My first vivid memory outside the United States occurred when I was 8 years old. My mom and I travelled south by car from Vista, California, past expansive homes perched on hillsides, lagoons with crashing waves in the distance and tall shiny buildings.
Then, suddenly, we crested the freeway and large gray mounds rose up from the horizon. Blotches of reds, blues, and yellows slowly become visible, giving way to outlines of roofs and walls- hillsides of pieced-together dwellings.
We arrived at a large plot of land in the outskirts of Tijuana, Mexico. My mother unloaded a black trash bag of used clothing from the trunk and I watched a group of kids play soccer with no shoes. A few yards away a team of gringos alternated cinder blocks and cement, constructing the rear wall of a small building.
Back at the border in the late afternoon, we inched slowly in our car past curbside vendors with oversized status of the Virgen de Guadalupe. Children smaller than me darted between vehicles yelling “chicle, chicle” while holding up packages chewing gum.
When we returned home, my mother turned on the kitchen faucet and said, “ I feel so grateful for running water now.”
We were poor by US standards, but trips across the border made my mom feel rich.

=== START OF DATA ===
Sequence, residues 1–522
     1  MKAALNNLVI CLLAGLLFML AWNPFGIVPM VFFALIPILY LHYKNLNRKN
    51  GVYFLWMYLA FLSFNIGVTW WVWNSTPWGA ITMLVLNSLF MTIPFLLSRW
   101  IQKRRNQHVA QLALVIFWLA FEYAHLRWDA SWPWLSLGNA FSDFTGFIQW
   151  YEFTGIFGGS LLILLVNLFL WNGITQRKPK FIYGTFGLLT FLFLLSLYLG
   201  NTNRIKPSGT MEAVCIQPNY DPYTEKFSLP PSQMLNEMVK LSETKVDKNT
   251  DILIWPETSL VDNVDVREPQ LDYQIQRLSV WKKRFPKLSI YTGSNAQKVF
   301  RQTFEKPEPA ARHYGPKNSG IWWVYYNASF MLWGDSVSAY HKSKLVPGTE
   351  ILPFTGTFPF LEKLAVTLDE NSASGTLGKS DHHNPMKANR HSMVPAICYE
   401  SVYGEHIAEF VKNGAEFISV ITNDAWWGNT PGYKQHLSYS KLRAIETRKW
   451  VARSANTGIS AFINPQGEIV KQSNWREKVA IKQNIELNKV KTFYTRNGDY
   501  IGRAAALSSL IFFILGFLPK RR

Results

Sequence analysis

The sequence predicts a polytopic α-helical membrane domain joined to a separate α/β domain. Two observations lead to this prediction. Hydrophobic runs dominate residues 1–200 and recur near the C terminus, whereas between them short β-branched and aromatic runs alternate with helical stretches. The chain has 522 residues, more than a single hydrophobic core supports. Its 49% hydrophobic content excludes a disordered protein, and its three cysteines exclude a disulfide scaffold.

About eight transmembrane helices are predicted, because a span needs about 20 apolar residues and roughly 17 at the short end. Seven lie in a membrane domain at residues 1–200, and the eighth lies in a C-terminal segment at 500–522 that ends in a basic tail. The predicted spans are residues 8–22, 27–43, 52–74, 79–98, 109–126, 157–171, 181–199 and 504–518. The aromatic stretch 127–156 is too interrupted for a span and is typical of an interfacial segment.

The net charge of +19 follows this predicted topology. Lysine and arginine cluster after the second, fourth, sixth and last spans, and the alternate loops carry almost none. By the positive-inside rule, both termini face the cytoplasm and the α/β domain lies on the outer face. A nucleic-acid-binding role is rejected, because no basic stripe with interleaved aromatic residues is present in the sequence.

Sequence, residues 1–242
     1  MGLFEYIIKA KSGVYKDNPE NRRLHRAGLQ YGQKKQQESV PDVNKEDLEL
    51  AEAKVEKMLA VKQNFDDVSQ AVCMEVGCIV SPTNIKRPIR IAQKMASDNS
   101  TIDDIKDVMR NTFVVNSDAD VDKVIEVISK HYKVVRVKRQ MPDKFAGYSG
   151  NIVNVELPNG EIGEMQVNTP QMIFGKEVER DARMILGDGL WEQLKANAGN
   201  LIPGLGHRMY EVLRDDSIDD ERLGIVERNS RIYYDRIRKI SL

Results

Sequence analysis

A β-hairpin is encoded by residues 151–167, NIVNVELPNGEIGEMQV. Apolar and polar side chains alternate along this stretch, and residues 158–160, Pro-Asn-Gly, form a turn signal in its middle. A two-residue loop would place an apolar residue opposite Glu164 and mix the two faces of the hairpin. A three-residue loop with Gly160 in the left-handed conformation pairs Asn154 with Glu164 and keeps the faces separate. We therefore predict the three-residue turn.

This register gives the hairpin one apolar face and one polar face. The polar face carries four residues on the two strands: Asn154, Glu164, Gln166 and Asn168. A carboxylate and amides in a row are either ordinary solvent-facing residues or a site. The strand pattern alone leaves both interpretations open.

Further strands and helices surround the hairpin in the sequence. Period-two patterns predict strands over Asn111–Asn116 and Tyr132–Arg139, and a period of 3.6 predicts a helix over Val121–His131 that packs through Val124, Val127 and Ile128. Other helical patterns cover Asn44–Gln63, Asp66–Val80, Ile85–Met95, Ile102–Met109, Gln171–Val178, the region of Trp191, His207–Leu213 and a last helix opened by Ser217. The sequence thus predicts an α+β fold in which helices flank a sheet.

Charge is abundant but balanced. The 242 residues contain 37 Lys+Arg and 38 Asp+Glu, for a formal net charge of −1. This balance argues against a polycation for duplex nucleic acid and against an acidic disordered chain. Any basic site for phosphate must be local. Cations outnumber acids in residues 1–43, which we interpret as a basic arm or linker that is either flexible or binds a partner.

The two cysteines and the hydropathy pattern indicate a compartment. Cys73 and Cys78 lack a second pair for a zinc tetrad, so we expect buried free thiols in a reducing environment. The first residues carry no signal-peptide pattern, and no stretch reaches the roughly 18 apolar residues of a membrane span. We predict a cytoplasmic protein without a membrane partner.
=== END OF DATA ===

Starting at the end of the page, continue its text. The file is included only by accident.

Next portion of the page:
A decade later, while a freshman at UCLA, I travelled back to Mexico with a group of students to work with AMEXTRA, an organization founded by 3 students from Universidad Nacional Autónoma de México who were dedicated to serving the poor. After days of touring the community, I grew frustrated. When would we give away clothing? When would we start building houses? Weren’t we there to help people?
Steve, the tall lanky American who worked with AMEXRA full time, took us to see Diego Rivera’s murals in the Palacio Nacional. A massive relief showed a peaceful Aztec people harvesting corn– then their dramatic enslavement by the conquistadores.
“You are here to listen,” said Steve, “You are not here to tell people what to do with their lives.”
I was stunned. I though I would be able to contribute something tangible to people in need. Instead, it felt like the trip was all about me.
Back at the community center I witnessed my first triple bottom line operation: a hand-made paper business. Two women from the community collected paper trash from the streets and tuned it into handmade notecards and journals.
I now know that empowering marginalized communities is not about rushing in with “the answers”. Rather, it’s about standing in solidarity with another human being, observing and listening to their desires, passions, strengths and weaknesses, and offering a hand if and when they ask.